Analysis: Will the Trump era be Bennett's finest hour?

Although the position Trump ends up taking on the diplomatic possibilities for the region can only be guessed at for now, what is clear is that Bennett has formulated a plan.

Naftali Bennett (photo credit: MARC ISRAEL SELLEM)
Naftali Bennett
(photo credit: MARC ISRAEL SELLEM)
“Cometh the hour, cometh the man,” so the saying goes, and on Wednesday night one man, US Secretary of State John Kerry, took an hour to denounce the settlement enterprise as ruinous to the hopes of a two-state solution for Israel and the Palestinians.
Of no little significance were the pains Kerry took to cite the recent comments of another man, Bayit Yehudi chairman and Education Minister Naftali Bennett, regarding the implications of recent developments in Israel and the US.
Although Kerry did not mention Bennett by name, he noted that the Bayit Yehudi chairman had said the election victory of US President- elect Donald Trump meant “the era of the two-state solution is over,” and that the preliminary approval of the settlement regulation bill meant Israel was moving toward establishing sovereignty in the West Bank.
Israel looks forward to working with Trump, says Israeli Ambassador to the US Ron Dermer
In so doing, the secretary of state was essentially fingering Bennett as the leading proponent and architect of plans to do away with the two-state solution, which has formed the diplomatic basis of all solutions to the conflict for the last quarter century.
If indeed the election of Trump is the beginning of an era, then is this now Bennett’s hour, and will his proposals for annexing Area C of the West Bank become a reality? In terms of the political will and intent, Bayit Yehudi has, according to party officials, already received a promise from Prime Minister Benjamin Netanyahu to advance the settlement bill once Trump has taken office.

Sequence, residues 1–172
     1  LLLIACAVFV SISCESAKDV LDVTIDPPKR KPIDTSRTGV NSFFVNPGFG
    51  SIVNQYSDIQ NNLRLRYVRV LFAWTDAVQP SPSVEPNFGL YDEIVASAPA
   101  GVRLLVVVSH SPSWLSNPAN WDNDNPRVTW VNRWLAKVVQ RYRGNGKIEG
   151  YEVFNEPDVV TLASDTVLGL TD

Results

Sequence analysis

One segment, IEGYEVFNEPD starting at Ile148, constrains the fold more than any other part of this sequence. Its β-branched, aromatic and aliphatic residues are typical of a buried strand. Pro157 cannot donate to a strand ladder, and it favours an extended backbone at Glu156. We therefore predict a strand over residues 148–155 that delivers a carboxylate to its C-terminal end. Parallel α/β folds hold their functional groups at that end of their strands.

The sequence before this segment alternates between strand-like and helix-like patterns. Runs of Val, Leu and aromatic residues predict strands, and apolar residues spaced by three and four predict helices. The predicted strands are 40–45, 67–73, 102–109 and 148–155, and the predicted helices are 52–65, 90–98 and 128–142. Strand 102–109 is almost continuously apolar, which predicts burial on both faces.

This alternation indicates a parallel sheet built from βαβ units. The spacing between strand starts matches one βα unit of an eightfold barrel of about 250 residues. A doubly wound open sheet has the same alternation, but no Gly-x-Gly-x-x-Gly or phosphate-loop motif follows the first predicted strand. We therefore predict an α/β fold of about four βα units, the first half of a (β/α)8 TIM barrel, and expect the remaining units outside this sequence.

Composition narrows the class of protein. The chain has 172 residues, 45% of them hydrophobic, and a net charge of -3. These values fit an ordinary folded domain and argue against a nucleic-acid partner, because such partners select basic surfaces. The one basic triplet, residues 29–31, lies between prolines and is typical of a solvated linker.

Bennett has said that such a law would be “the tip of the iceberg” of efforts to establish Israeli sovereignty in Judea and Samaria, and the party has already submitted further legislation to the Knesset which would annex the Ma’aleh Adumim settlement and the surrounding E1 zone.
Deputy Defense Minister Eli Ben-Dahan told The Jerusalem Post that Bayit Yehudi was demanding that Netanyahu “think of new ideas” since the two-state idea had not worked, insisting that the Palestinians could not accept the maximum Israel can offer.
Numerous senior Likud MKs, including Knesset Speaker Yuli Edelstein, Deputy Foreign Minister Tzipi Hotovely and Environment Minister Ze’ev Elkin, have expressed opposition to the two-state solution and support for establishing Israeli sovereignty, at least in part, over the West Bank.
Indeed, it was 25 Likud MKs who in September demanded legislation to legalize settlement outposts and save Amona.
Speaking to the Post on Thursday, Likud MK Yoav Kisch, head of the Knesset Land of Israel Lobby, reiterated his opposition to the two-state solution and said there were “many other options” available in place of the Oslo paradigm.
Kulanu and its chairman, Finance Minister Moshe Kahlon, are more concerned with creating economic opportunity for the Palestinians than advancing the idea of a Palestinian state.
These figures all believe that the future depends on what stance Trump takes when he comes into office.
His vocal support for Israel in the face of the UN Security Council resolution condemning settlements, and his vocal public criticism of Kerry, are certainly comforting for those proposing to scrap the two-state solution, as is his selection of David Friedman as ambassador to Israel.
Although the position Trump ends up taking on the diplomatic possibilities for the region can only be guessed at for now, what is clear is that Bennett, for one, has formulated a plan for what will happen afterward.
His party, and elements within the Likud, have devised strategies and propositions for how to act in a post-two-state-solution era, and have planned new paradigms beyond the one which has been pursued for the last 25 years.
If Trump does indeed bring a new approach to the diplomatic conundrum, then Bennett’s hour, and that of those like him, may be drawing closer.